McGraw Center Learning Support Information for Families

How to talk about McGraw learning support with your student

Learning support like that offered by the McGraw Center for Teaching and Learning is an integral part of the Princeton educational experience for most students. Many courses have multiple sources of academic support. Yet, the role of learning support may be unfamiliar and unexpected to many students new to the University. So, helping your student recognize how common it is to use McGraw Center resources, the multiple benefits of doing so, and the easy access to our services can be crucial in helping them overcome any obstacles to using them and thriving academically at Princeton. One of the reasons so many students use our (and other learning support resources on campus) is because their courses are truly challenging: instruction is different than in high school, the curriculum is demanding, exams require new ways of thinking and professor’s criteria are exacting. In fact, we EXPECT all students to encounter new demands, confusion, and frustration and, as a result, need to adapt. Learning how to master these challenges is what makes a Princeton education so valuable. With this in mind, here are some ‘talking points’ that may help you in discussions with your family member:

  • McGraw Center programs are designed for all students: First-year students to seniors, those with excellent high school preparation and not, those achieving high grades and those who would like to improve their grades. This may be new to some students who assume tutoring is only for students who are “struggling” so addressing this assumption may be important. 
  • Each year thousands of students use McGraw tutoring, learning consultations and workshops, including typically over half of the first-year class and nearly half of the sophomore class. Other offices on campus also receive thousands of visits from students for academic support. It’s the NORM at Princeton to use these services, and if your student doesn’t do so they are at a disadvantage relative to their classmates.
  • Our programs explicitly focus on what is new and unfamiliar about Princeton teaching and learning, so your student can expect to learn new study methods and techniques that are designed expressly for them. All of our programs are course and task specific, providing Princeton-level strategies and skills. 
  • We create welcoming, supportive environments where students are not graded or in competition with others. Students work with more experienced students who serve as tutors and learning consultants who understand these challenges. Peer educators can also devote the time necessary to connect with your student and provide individualized guidance. We expect students to not know everything and to make mistakes as that’s how all of us improve.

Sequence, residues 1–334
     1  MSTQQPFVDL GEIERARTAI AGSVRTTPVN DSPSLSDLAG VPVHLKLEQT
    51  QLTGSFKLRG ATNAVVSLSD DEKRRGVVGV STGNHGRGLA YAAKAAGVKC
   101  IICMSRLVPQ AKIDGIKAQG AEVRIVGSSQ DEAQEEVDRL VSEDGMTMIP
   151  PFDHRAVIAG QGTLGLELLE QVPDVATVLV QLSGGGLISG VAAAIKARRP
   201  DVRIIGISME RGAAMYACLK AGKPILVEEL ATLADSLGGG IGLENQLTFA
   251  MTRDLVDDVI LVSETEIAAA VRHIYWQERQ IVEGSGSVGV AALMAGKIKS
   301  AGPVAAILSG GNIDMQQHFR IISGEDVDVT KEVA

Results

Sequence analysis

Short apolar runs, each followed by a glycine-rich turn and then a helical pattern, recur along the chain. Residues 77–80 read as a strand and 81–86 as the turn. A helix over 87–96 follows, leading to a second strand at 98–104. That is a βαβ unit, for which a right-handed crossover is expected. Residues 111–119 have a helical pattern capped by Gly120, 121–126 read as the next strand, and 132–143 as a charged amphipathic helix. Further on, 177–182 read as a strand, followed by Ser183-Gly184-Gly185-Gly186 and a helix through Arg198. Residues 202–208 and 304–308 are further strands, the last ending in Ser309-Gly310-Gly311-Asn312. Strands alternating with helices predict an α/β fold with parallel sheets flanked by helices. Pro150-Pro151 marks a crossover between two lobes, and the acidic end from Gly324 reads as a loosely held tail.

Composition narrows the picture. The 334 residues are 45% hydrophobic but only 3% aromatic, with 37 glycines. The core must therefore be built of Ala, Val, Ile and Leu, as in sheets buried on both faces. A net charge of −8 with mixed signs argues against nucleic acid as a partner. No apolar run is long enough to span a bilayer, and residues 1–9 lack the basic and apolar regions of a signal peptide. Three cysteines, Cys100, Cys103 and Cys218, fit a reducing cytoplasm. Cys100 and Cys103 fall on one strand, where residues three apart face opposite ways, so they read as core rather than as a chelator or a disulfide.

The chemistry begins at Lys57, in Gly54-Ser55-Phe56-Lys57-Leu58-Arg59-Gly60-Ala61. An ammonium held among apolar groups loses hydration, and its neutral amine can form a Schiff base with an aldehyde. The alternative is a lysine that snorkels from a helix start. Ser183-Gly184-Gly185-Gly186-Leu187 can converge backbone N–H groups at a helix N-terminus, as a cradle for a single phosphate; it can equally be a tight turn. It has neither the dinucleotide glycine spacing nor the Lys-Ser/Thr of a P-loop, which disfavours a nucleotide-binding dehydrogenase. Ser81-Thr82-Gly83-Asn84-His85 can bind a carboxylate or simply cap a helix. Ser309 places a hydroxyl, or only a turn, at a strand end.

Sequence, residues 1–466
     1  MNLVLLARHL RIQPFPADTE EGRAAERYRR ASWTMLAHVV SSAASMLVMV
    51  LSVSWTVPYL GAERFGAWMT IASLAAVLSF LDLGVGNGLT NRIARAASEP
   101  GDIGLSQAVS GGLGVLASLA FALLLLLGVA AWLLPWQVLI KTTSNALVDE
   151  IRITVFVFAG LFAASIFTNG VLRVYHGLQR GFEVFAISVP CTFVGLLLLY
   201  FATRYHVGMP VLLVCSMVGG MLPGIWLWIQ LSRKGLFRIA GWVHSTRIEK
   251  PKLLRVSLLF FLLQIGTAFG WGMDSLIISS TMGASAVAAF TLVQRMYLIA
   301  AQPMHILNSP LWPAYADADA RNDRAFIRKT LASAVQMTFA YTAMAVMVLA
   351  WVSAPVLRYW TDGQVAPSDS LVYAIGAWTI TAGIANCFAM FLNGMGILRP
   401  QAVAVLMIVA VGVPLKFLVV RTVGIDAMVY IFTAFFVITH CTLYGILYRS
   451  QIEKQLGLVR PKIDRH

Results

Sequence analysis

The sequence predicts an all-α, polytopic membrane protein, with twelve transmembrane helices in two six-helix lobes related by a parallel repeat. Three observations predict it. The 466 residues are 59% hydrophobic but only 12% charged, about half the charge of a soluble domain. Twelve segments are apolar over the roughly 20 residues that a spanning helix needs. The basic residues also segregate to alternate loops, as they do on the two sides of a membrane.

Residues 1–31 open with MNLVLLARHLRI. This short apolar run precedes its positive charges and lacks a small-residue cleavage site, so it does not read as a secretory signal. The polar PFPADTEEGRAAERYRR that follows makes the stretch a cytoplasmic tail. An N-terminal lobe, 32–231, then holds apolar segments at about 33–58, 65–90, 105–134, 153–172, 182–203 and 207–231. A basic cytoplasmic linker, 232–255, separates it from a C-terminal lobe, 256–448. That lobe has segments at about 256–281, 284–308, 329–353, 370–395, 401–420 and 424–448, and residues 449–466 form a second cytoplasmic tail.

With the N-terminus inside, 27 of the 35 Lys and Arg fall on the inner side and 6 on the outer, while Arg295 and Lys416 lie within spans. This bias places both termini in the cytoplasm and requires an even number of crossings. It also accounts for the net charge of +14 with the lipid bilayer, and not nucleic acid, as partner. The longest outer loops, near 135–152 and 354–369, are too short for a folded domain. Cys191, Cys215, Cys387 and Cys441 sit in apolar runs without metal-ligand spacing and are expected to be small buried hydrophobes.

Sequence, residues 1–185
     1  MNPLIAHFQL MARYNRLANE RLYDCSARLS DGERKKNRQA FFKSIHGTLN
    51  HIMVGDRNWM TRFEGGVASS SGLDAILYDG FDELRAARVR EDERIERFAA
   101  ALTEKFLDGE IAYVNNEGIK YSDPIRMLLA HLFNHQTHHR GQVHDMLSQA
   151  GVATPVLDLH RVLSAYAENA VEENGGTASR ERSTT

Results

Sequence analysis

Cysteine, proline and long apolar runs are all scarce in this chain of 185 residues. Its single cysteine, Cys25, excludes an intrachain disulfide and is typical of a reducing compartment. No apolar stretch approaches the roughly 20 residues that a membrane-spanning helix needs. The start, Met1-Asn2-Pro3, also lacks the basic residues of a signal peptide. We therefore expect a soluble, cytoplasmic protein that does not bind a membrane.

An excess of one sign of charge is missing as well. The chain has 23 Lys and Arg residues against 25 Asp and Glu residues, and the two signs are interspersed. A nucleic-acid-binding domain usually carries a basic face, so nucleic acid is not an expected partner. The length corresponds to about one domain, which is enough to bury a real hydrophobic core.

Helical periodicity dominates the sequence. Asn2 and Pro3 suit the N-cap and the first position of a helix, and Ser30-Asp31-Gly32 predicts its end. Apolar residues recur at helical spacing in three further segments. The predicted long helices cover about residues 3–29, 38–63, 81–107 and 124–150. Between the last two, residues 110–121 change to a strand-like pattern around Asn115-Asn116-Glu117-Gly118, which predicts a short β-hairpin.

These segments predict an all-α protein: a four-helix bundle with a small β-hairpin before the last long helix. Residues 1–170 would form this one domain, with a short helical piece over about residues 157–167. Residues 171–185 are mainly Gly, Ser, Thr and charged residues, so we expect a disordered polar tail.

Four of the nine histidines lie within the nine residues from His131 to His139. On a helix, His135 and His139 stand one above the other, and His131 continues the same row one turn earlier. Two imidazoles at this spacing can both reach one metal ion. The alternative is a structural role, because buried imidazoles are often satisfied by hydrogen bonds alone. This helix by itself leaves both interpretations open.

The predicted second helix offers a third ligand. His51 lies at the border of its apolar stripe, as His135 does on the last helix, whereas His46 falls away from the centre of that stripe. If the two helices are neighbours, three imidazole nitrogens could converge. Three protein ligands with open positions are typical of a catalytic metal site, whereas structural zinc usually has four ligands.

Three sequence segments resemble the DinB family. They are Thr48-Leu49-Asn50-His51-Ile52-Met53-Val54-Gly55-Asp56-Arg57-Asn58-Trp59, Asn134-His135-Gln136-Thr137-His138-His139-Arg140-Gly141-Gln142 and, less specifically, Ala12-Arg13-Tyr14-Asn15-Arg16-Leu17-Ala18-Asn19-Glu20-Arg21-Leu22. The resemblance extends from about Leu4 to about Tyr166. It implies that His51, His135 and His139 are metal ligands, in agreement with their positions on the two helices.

• Access to McGraw Center resources and services is cost-free, simple and convenient for all students (even those in different time zones). Some services don’t even require students to sign up in advance—they can simply ‘drop in’—and those that do take just a minute or two to do so. There are no fees associated with McGraw—or other campus—academic support services.
  • At McGraw, we focus on the “how” of learning and succeeding at Princeton. Our aim is to equip students with the knowledge, skills, strategies, and mindsets to thrive academically and holistically. We know there’s a lot to learn about new ways of reading, learning from lectures, studying, solving problems, managing time and tasks, and preparing for exams, etc. in the Princeton context so our focus is, distinctively, on the study methods and mental processes for doing so.
  • In addition to the benefits to learning and success, many students really appreciate the social support and connections they get from fellow students, tutors and learning consultants. They also benefit from the structure and accountability of regular sessions and gain confidence to meet Princeton’s many academic demands. No one thrives at Princeton by trying to do it all on their own. That may be a new mindset for some students, but it’s an essential one that family members can convey to their Princeton student. 

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